A 15-year-old student has started a petition to urge Michael Gove to keep the climate change debate on the curriculum - and has already gained thousands of supporters.
Esha Marwaha from Hounslow, West London, launched a campaign on 18 March demanding the education secretary scrap his plans to remove the topic from geography lessons, and has already had 10,000 signatures.
"All young people need to be educated about climate change, we all deserve the opportunity to fight for our planet and our futures," she told The Huffington Post UK. "Michael Gove cannot be allowed to take this passion away from us.
"Climate change is the most urgent issues facing modern society. I was inspired to take action by learning about it at school, to tackle climate change we need to be educated and united to succeed."
On Monday, it was revealed the debate about climate change had been axed from lessons for children under 14.
The new guidelines have no mention of climate change and just one reference to how carbon dioxide produced by humans impacts on the climate, the Guardian reported.
"Without school education we will be left with a disempowered generation that will have to suffer the consequences of climate change but won't know how to tackle it," Marwaha continued.
"Young people will feel detached from their futures and betrayed by our representatives. We cannot let this happen, climate change must stay in the curriculum."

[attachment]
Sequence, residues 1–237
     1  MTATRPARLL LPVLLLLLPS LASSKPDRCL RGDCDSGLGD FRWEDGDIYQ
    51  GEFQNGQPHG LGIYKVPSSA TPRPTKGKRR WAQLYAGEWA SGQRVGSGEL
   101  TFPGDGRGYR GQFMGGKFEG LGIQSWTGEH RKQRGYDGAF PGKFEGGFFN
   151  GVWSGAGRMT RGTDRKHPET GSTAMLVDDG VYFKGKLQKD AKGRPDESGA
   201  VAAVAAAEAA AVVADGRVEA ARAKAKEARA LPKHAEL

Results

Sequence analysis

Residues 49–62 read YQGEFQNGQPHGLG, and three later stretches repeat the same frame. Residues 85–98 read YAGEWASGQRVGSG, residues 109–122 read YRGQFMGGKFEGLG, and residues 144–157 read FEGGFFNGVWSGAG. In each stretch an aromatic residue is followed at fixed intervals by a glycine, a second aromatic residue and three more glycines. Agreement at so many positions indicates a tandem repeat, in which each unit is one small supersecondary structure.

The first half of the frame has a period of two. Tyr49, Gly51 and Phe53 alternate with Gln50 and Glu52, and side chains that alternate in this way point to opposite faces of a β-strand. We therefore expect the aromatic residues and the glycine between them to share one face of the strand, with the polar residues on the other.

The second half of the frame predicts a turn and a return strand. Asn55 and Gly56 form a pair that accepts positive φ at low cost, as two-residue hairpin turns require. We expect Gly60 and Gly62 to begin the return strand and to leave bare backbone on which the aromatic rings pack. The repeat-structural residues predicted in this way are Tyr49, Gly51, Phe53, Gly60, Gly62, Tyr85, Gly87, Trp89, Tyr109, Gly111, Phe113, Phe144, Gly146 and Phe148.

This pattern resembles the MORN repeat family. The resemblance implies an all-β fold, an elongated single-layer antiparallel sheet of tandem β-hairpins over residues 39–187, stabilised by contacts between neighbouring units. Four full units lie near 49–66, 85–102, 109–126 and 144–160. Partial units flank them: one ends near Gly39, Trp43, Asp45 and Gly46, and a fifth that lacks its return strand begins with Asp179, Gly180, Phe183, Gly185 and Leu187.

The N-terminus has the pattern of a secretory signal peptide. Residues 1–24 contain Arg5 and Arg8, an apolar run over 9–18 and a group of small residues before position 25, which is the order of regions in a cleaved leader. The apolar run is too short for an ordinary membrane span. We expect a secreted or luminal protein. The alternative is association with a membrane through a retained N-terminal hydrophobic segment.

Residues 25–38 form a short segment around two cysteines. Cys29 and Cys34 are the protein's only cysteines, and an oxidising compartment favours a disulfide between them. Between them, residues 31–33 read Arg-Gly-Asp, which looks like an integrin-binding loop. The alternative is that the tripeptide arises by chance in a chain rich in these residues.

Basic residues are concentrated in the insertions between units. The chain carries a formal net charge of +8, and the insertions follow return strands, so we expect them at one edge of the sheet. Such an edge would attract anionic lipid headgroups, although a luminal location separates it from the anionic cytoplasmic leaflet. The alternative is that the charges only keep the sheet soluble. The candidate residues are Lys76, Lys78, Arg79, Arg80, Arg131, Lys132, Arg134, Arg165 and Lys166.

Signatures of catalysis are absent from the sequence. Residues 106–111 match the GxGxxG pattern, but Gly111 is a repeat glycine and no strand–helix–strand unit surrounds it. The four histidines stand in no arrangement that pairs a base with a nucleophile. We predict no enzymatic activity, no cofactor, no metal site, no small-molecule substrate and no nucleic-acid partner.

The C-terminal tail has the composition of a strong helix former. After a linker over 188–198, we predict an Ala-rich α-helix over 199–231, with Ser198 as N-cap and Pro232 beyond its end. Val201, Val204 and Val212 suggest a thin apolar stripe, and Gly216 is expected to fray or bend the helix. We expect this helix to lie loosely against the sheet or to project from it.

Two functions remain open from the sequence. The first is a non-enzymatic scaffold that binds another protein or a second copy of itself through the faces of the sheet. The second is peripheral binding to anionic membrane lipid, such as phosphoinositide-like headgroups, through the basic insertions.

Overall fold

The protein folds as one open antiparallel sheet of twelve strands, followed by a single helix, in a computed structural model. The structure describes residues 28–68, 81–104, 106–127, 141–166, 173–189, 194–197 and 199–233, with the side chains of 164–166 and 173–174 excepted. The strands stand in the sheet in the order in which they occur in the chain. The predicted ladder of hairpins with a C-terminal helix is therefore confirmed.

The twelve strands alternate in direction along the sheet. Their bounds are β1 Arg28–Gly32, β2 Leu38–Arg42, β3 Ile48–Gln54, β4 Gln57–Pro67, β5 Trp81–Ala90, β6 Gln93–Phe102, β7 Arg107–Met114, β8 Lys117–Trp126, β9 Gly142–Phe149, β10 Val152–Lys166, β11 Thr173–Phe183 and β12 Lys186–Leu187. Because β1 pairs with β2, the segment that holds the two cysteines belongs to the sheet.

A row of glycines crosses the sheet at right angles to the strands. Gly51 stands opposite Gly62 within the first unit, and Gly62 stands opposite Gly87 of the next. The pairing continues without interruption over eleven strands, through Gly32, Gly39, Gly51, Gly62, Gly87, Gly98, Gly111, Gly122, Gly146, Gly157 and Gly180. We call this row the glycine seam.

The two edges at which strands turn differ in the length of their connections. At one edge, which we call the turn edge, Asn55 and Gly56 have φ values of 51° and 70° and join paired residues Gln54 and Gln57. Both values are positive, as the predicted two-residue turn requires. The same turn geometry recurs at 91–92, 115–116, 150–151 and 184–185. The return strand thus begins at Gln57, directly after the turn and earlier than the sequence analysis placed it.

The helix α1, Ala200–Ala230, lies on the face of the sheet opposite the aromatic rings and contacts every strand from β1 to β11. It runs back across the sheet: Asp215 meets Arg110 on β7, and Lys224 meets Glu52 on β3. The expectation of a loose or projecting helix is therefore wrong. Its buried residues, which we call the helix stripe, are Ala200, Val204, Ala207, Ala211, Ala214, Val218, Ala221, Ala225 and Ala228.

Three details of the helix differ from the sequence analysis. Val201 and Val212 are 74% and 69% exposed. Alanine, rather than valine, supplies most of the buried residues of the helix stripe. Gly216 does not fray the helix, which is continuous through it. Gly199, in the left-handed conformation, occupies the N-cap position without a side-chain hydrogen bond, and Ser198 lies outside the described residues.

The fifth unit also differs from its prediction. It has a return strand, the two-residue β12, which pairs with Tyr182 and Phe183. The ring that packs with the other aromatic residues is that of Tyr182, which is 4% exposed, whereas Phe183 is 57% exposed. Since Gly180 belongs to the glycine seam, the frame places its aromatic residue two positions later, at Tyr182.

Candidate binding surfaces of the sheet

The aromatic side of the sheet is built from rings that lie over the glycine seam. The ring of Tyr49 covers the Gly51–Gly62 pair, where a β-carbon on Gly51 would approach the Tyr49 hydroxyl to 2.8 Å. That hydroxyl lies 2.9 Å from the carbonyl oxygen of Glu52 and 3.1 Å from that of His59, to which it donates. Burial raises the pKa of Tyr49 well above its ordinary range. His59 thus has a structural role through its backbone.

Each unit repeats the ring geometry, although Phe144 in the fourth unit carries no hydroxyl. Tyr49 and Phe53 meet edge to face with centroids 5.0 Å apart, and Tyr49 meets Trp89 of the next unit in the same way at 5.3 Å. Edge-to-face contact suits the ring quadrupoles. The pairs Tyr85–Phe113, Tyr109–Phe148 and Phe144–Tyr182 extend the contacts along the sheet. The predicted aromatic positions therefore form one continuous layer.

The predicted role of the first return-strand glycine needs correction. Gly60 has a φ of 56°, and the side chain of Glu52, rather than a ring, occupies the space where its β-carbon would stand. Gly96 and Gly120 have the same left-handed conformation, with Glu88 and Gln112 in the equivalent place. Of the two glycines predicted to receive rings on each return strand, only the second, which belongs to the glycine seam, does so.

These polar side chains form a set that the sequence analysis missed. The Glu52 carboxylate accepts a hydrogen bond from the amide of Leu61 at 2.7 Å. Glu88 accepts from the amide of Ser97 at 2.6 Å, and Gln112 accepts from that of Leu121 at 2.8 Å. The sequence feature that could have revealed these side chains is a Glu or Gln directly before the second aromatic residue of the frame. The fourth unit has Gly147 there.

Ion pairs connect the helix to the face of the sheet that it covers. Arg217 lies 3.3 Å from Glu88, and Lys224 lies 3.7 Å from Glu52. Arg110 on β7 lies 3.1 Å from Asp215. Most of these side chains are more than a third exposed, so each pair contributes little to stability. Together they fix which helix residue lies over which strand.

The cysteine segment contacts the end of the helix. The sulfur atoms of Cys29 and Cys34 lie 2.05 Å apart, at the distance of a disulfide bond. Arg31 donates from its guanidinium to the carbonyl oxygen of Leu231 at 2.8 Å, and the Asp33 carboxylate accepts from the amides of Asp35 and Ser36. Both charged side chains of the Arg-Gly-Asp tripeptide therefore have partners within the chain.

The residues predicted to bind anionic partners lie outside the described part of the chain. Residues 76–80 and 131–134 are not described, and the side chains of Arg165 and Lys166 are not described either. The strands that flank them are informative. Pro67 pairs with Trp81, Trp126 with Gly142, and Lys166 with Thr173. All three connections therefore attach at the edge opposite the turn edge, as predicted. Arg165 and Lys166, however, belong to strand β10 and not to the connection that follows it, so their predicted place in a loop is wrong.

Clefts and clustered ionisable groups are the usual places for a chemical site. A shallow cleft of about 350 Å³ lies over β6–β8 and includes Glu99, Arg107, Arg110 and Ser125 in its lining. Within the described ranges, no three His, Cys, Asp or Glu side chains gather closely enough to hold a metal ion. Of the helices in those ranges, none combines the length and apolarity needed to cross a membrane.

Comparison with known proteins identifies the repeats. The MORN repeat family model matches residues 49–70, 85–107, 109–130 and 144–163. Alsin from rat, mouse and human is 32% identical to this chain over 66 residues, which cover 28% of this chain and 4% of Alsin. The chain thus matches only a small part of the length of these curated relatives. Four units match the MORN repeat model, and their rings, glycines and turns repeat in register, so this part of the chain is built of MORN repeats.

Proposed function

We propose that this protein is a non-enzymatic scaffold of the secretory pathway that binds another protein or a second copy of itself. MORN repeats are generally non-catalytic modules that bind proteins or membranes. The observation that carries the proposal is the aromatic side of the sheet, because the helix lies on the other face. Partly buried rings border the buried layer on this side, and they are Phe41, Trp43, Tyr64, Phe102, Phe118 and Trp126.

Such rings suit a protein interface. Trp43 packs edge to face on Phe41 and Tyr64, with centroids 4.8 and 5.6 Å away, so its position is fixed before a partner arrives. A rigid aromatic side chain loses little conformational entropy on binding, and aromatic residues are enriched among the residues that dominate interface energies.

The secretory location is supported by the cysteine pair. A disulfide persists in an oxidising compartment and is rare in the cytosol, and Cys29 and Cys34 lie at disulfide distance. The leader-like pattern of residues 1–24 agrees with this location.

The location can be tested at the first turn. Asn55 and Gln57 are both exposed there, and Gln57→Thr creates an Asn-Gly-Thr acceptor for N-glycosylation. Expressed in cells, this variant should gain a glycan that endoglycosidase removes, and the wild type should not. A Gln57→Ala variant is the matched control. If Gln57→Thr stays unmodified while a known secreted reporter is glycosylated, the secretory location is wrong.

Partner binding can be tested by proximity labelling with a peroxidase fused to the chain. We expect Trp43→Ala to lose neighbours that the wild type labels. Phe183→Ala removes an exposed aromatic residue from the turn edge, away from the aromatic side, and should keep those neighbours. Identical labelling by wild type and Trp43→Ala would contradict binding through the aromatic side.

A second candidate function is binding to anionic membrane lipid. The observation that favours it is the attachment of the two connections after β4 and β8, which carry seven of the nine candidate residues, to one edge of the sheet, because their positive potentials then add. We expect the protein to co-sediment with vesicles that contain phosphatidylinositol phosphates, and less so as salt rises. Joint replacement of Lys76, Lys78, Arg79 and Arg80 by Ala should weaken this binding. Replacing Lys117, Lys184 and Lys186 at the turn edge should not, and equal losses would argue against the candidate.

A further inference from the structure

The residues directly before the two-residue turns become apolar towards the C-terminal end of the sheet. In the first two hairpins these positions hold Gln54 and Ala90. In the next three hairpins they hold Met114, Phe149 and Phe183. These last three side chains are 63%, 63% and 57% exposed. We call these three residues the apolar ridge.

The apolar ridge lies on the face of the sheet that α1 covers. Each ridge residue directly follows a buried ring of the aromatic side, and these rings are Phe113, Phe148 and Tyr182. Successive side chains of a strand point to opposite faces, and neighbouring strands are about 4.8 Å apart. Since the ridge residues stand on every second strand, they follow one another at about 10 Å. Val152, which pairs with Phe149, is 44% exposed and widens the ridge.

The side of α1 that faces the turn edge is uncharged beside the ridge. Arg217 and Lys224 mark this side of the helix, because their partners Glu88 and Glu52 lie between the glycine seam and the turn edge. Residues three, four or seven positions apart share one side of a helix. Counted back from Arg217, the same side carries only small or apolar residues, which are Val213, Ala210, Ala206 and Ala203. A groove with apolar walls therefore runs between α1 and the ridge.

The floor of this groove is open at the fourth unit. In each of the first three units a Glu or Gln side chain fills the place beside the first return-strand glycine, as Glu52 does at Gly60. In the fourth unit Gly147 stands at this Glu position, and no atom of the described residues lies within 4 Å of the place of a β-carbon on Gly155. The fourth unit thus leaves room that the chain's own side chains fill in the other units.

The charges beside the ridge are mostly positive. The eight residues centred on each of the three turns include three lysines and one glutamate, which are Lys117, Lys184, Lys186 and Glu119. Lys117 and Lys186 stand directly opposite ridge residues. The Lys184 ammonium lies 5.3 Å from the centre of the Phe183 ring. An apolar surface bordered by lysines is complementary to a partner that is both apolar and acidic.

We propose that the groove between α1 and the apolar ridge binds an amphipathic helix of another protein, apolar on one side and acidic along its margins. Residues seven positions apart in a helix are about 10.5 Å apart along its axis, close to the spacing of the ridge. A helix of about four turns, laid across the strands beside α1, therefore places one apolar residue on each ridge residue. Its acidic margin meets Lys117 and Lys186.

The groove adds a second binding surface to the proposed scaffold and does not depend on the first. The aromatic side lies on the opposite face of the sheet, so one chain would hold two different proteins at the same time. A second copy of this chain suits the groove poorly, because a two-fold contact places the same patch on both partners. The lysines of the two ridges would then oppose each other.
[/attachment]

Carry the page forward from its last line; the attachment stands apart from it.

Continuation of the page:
Friends of the Earth's executive director Andy Atkins said: "The irony is that most school children would probably have a better grasp than some government ministers of the importance of tackling climate change.
"Removing climate debate from the national curriculum would be yet another backward step by a government that is failing to stand up for the environment."
In a foreword to the petition, which is hosted on Change.org, Marhawa writes:
"Our government, part of the generation who bear much of the responsibility for this problem, intend to not only fail to act on climate change themselves but to obscure the truth from children and young people.
"It is outrageous that Michael Gove can even consider the elimination of climate change education for under 14s.
"We must keep climate change in the curriculum in order for young people take on this challenge of tackling the threat posed by our changing climate."
Marwaha, along with members of the UK Youth Climate Coalition, plan to deliver the petition to Downing Street in the near future.
"The support has been amazing," she says. "There are so many people out there passionate about this issue and the stories of people fighting to tackle climate change all across the country have made me even more certain that we need climate change in the curriculum.
"I hope my story inspires people too, climate change is happening and we must work together to solve it."
Toni Pearce, deputy president of the National Union of Students, said: "Climate change remains one of the single most urgent and important issues facing us, and it sends worrying signals about their priorities if politicians remove it from the curriculum. It is a complex issue and there is a lot of information in the media and from those with vested interests presenting themselves as experts, so it's important it is increasingly embedded throughout the curriculum rather than being quietly pushed out."
A spokesperson for the Department for Education told HuffPost UK they would not be commenting specifically on the petition, but responded to the claims climate change would be axed from lessons.
"This story is nonsense. All children will learn about climate change. It is specifically mentioned in the science curriculum and both climate and weather feature throughout the geography curriculum."Suggest a correction